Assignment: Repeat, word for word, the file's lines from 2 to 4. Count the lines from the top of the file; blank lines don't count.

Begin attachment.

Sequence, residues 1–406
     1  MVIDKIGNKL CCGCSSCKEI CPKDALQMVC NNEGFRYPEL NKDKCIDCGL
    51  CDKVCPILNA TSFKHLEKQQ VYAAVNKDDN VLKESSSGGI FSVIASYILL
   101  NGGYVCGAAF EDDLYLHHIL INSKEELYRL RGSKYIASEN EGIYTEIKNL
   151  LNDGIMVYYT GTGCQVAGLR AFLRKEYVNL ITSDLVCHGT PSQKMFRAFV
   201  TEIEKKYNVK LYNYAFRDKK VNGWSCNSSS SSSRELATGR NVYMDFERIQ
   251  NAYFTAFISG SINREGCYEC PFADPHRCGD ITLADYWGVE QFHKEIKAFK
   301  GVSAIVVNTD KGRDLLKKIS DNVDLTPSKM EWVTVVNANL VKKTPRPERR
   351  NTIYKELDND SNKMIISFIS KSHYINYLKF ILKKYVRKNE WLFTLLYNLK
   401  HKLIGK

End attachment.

     1  MVIDKIGNKL CCGCSSCKEI CPKDALQMVC NNEGFRYPEL NKDKCIDCGL
    51  CDKVCPILNA TSFKHLEKQQ VYAAVNKDDN VLKESSSGGI FSVIASYILL
   101  NGGYVCGAAF EDDLYLHHIL INSKEELYRL RGSKYIASEN EGIYTEIKNL